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Marondedze, C, Wong, A, Thomas, L, Irving, H & Gehring, C 2017, Cyclic nucleotide monophosphates in plants and plant signaling. in R Seifert (ed.), Non-canonical Cyclic Nucleotides. vol. 238, Handbook of Experimental Pharmacology, vol. 238, Springer, Cham Switzerland, pp. 87-103. https://doi.org/10.1007/164_2015_35

Cyclic nucleotide monophosphates in plants and plant signaling. / Marondedze, Claudius; Wong, Aloysius; Thomas, Ludivine; Irving, Helen; Gehring, Chris.

Non-canonical Cyclic Nucleotides. ed. / Roland Seifert. Vol. 238 Cham Switzerland : Springer, 2017. p. 87-103 (Handbook of Experimental Pharmacology; Vol. 238).

Research output: Chapter in Book/Report/Conference proceedingChapter (Book)Otherpeer-review

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AB - Cyclic nucleotide monophosphates (cNMPs) and the enzymes that can generate them are of increasing interest in the plant sciences. Arguably, the major recent advance came with the release of the complete Arabidopsis thaliana genome that has enabled the systematic search for adenylate (ACs) or guanylate cyclases (GCs) and did eventually lead to the discovery of a number of GCs in higher plants. Many of these proteins have complex domain architectures with AC or GC centers moonlighting within cytosolic kinase domains. Recent reports indicated the presence of not just the canonical cNMPs (i.e., cAMP and cGMP), but also the noncanonical cCMP, cUMP, cIMP, and cdTMP in plant tissues, and this raises several questions. Firstly, what are the functions of these cNMPs, and, secondly, which enzymes can convert the substrate triphosphates into the respective noncanonical cNMPs? The first question is addressed here by comparing the reactive oxygen species (ROS) response of cAMP and cGMP to that elicited by the noncanonical cCMP or cIMP. The results show that particularly cIMP can induce significant ROS production. To answer, at least in part, the second question, we have evaluated homology models of experimentally confirmed plant GCs probing the substrate specificity by molecular docking simulations to determine if they can conceivably catalytically convert substrates other than ATP or GTP. In summary, molecular modeling and substrate docking simulations can contribute to the evaluation of cyclases for noncanonical cyclic mononucleotides and thereby further our understanding of the molecular mechanism that underlie cNMP-dependent signaling in planta.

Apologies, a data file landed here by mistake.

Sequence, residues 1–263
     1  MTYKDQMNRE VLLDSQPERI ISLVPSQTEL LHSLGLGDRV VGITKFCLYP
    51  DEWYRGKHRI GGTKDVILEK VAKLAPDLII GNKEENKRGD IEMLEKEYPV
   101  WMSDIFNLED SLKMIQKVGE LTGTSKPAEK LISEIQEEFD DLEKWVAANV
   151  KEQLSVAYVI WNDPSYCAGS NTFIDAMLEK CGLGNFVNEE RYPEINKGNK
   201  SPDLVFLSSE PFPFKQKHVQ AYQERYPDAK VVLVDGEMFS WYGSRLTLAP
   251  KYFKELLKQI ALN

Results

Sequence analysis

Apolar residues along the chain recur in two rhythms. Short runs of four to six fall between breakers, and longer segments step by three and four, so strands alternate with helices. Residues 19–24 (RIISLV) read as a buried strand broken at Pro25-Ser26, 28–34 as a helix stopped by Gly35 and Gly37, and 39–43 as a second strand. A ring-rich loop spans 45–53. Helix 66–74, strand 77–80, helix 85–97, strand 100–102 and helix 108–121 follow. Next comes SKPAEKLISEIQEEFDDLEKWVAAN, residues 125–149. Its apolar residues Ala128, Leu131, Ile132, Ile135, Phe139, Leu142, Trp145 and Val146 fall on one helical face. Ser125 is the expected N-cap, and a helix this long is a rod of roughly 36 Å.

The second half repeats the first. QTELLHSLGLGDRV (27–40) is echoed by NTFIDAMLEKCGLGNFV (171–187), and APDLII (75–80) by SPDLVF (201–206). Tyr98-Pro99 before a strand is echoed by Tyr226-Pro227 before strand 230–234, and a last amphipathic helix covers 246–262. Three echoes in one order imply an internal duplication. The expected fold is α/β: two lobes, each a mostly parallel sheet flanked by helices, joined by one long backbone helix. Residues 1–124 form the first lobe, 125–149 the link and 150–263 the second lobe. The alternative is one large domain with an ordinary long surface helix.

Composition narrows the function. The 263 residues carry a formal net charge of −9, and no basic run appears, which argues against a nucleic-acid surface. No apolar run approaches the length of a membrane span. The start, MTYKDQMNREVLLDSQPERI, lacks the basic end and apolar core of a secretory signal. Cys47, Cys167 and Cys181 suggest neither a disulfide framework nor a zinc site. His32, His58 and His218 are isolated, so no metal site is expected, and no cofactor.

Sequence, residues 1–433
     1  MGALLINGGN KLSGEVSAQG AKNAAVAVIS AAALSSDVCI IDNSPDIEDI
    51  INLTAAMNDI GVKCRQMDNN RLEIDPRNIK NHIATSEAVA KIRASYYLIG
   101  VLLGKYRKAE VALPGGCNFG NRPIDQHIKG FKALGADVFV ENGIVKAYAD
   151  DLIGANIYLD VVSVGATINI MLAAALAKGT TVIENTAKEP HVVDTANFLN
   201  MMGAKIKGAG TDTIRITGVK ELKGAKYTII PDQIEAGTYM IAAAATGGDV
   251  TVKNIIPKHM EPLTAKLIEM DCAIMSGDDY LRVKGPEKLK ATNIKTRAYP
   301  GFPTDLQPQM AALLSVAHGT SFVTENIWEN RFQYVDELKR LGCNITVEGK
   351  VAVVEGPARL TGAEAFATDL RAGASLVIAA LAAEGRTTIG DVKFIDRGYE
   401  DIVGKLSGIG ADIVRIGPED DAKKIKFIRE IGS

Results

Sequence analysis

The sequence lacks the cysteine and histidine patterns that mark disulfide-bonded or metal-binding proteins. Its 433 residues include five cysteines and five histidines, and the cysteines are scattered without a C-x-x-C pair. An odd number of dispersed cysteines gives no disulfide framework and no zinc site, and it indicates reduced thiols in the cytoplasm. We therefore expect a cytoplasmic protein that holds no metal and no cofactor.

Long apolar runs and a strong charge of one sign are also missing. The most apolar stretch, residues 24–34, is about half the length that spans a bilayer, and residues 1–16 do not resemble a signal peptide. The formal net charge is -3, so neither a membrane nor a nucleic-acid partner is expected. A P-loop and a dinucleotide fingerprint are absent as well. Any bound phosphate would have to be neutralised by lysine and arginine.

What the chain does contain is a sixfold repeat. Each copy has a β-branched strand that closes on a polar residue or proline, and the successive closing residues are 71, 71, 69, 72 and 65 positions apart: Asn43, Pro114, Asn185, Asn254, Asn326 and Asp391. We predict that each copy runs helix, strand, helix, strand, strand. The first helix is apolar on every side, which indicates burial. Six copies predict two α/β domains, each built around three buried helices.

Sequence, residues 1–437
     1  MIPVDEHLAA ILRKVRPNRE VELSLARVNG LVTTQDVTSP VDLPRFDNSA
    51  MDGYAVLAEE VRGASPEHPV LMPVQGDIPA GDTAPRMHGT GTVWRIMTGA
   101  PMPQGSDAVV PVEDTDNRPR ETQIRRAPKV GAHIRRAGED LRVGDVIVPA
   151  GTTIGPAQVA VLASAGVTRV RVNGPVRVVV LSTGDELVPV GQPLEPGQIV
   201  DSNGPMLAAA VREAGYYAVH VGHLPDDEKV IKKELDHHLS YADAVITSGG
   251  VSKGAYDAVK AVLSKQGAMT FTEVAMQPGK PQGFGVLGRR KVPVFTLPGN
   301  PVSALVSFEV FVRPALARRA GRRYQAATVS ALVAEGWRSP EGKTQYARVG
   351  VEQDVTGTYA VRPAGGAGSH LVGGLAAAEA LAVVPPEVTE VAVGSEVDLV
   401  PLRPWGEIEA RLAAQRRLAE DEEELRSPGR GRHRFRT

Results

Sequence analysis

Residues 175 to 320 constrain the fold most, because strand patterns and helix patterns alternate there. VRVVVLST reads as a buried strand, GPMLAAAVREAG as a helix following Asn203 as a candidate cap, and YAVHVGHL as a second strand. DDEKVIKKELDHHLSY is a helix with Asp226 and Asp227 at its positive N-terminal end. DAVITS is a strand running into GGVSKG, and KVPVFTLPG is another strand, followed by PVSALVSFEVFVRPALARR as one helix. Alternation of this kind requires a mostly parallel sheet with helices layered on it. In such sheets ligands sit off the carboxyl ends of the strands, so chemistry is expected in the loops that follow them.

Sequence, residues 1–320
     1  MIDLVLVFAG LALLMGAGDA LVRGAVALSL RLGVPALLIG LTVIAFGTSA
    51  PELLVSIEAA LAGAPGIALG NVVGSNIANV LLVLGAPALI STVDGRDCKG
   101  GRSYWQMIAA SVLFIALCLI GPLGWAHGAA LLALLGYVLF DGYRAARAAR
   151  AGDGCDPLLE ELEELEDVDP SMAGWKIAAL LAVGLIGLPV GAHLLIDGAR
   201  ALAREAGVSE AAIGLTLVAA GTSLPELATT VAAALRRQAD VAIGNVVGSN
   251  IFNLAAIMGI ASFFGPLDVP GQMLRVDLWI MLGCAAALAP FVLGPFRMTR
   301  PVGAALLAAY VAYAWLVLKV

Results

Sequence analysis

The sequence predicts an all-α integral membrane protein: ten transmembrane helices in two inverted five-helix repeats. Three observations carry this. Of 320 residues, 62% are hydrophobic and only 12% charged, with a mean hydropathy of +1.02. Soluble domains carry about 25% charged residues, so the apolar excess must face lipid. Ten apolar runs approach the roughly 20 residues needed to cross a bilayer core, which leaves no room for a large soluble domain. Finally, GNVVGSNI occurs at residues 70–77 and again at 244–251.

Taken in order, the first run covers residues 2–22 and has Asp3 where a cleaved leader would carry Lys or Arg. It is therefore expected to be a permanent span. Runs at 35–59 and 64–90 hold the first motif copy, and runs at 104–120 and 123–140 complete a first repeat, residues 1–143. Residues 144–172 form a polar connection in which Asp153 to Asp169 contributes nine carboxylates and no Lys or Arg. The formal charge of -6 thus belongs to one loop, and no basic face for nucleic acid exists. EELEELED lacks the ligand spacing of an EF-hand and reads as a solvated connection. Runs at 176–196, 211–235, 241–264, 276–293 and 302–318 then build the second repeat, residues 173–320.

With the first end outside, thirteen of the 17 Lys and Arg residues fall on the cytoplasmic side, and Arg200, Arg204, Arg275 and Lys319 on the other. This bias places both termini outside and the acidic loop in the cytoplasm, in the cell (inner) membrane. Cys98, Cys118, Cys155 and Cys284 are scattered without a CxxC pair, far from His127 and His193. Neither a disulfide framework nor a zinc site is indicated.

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Marondedze C, Wong A, Thomas L, Irving H, Gehring C. Cyclic nucleotide monophosphates in plants and plant signaling. In Seifert R, editor, Non-canonical Cyclic Nucleotides. Vol. 238. Cham Switzerland: Springer. 2017. p. 87-103. (Handbook of Experimental Pharmacology). https://doi.org/10.1007/164_2015_35